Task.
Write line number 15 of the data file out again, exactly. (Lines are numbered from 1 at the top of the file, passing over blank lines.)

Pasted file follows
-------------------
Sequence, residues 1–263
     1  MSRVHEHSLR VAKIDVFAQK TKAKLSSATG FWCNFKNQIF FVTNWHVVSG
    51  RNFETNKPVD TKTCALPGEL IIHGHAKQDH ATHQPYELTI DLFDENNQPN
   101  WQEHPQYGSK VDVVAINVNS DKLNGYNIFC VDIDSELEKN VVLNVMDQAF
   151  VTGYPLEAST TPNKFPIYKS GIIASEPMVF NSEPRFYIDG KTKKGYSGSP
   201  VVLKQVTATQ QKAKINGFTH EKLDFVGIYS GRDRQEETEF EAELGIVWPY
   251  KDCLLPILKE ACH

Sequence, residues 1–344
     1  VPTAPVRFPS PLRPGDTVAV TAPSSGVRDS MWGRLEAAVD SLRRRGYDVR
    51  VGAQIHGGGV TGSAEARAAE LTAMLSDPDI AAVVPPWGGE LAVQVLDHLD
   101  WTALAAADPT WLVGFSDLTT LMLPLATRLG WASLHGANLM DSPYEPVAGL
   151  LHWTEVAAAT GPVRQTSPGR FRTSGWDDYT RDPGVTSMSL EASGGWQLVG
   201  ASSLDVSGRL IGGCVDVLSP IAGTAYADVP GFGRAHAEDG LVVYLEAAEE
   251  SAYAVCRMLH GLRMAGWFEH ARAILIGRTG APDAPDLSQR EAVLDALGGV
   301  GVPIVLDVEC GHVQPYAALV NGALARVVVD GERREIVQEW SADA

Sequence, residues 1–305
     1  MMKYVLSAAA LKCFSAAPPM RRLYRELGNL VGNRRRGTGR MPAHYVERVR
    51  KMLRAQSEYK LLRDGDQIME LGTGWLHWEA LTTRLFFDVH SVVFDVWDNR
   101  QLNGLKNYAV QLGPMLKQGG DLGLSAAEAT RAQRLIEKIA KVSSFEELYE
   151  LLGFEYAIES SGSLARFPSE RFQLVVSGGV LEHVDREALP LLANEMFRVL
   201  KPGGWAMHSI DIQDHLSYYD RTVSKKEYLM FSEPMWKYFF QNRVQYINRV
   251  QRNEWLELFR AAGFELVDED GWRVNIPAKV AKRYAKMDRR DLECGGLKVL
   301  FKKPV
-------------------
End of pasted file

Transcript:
   301  GVPIVLDVEC GHVQPYAALV NGALARVVVD GERREIVQEW SADA